Mercedes Benz also has that I have A friend Bought a 500 E 380 hp ., Nothing visible on the Outside
380 hp that is a lot of power in this part of the World. These days Some would say 300 hp Overpowered. Not many have that not even tuners He is showing the Youngsters the Mercedes rear lights and tire smoke at the Traffic lights racing. Sometimes
Something like the 929 is too sporty for me. I want something with an upright seating position. I’m too old and portly to lean forward. Lol. Honda does have a lot of nice bikes. Haven’t experienced it personally but also heard parts are pricey.

Your HP comments are interesting. I own an ‘89 Toyota Supra and 300 hp would be considered modest power. My car currently makes about 375 hp at the rear wheels but I had a motor built 3 years ago that should deliver a reliable 450 at the wheels. Too busy to put it in the car because I’m dreaming too much about my next bike. My friends Supra was just tuned to 863 hp. Nice but unusable on the street.
 

Adamc

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Before joining this Forum and owning an XS650, I ran many Hondas.
All were ultra reliable and enjoyable to own. Many tours across Europe, UK and Ireland on big H’s machines support my loyalty to Honda. All bikes from CB750 single and twin cam to VTR1-SP were totally reliable and exciting to own. Also owned a XR400 HRC too.

Older bikes now give me more satisfaction; whether polishing chrome or sorting charging issues. A sense of of achievement and satisfaction of keeping and old girl on the road.

I’m now looking at early GL1000/1100 Goldwing, BMW75/5, Moto Guzzi V-Twins as a bike to take a pillion. All have electric start…… :)

Buy what you like based on work to upkeep, ease of use, and budget to do so.

Ads.:devil:
 
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willis

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I’ve been on the lookout for a Honda CL77 / 305 scrambler. They look light and fun and have a great sound. It’s on my list of bikes I’d pickup even if I didn’t need a project. But alas, they don’t ever pop up in my area. Heading to a swap meet on Sunday. It’s not a big one and mostly HD stuff, but last year I scored a nice xs seat for $20.
 

toglhot

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I don't know where this Triumphs being shakers and difficult to start comes from! I had two OIFs, a 71 650 (single carb, TR6?) and an 82 750 Bonny. Of the two, the 71 was the best. Way best!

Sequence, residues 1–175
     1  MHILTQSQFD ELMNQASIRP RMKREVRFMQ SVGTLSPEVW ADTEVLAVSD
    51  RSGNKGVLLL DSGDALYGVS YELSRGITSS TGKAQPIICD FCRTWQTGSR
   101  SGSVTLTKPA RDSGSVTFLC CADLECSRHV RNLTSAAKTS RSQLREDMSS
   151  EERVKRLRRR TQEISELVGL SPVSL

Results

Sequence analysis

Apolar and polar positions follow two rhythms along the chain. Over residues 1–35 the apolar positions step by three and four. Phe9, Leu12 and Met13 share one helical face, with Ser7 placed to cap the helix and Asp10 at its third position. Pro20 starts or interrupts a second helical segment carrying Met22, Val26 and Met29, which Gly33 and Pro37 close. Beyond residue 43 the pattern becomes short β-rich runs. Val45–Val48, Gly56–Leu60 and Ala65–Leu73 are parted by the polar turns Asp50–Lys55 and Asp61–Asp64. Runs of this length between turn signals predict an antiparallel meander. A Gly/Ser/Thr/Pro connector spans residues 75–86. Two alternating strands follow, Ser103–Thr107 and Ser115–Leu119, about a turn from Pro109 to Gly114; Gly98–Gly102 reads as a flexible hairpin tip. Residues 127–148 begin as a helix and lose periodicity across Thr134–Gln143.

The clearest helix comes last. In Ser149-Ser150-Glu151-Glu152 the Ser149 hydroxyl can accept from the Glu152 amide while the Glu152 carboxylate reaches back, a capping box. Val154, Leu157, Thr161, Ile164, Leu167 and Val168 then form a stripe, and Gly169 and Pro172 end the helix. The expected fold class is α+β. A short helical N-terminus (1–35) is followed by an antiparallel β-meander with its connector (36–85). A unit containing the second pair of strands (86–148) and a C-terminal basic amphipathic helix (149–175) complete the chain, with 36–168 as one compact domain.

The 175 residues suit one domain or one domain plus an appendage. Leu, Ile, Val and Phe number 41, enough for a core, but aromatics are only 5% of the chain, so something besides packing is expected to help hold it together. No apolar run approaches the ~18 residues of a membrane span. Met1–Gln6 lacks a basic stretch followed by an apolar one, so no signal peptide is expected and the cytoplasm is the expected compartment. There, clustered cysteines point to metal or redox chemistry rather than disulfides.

I toured all throught the South West of West Oz on the 71, mostly out on the highways doing 60mph+, where the roads and lack,of police permitted. Once running off the road at 90mph when I encountered sand over the road, boy, that hurt. I never found the vibes unsettling or uncomfortable. Considering Triumph crankshafts were balanced by hand, they were extremely smooth Tickle the carb and kick and it was a single kick starter. Later on, I added a Mikuni and did away with the battery. .I also had the crank electronically balanced, ran extra smooth after that. Terrific bike.

The 750 was also a great bike, never found the vibes uncomfortable either. The 82 had MK2 concentrics, so no tickler, Boyer Brandsen ignition and always started first kick. The only things I didn't like about it were the disk brakes, they worked ok, but had really long travel, and the cylinder head to barrel fit. The 750 had two studs between the cylinders and the sealing surface was quite narrow. I ended up binning the copper headgasket and replacing it with a composite.

Oh, and both Triumphs had a habit of wet sumping.

My first bike was an A65 BSA, very under rated bikes.

I've never ridden my 74 TX650, but just watching it jump around at idle tells me vibration might be a problem on longer rides! I don't think the TX650 crank is balanced at all, by hand or electronically.

I did a lot of work on the 82 Bonny: Stainless MCs, ally side covers, spin on filter, cooler, lots of ally polishing and of course BLACK!, I even covered the seat myself. About the same as the TX, but it was never as detailed as the TX. I even won 'Best Triumph' at a bike show, but being a daily rider I couldn't put as much time into it as I have the TX. I also polished the crankcase on the 82, looked nice, but geez, it took a long time. I should do a write up on the 82 Bonny.

Brit twins forever!
 

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GLJ

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If you want a real thumper that is easy to work on, parts no problem to get and fun to ride consider a RE Bullet. The amount of aftermarket parts available is unreal. I have a newer RE a 535 GT. Fun to ride.
 

gggGary

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No one has mentioned Suzuki Savage S40 Boulevard 650 singles (with electric leg)
1682805777986.png

See them quite reasonable now and then. Come close to buying one. There is (was?) an aftermarket bobber, cafe, parts vender for them.
always like the goldstar vibe the motor/exhaust gives off. Kinda doubt that was an accident....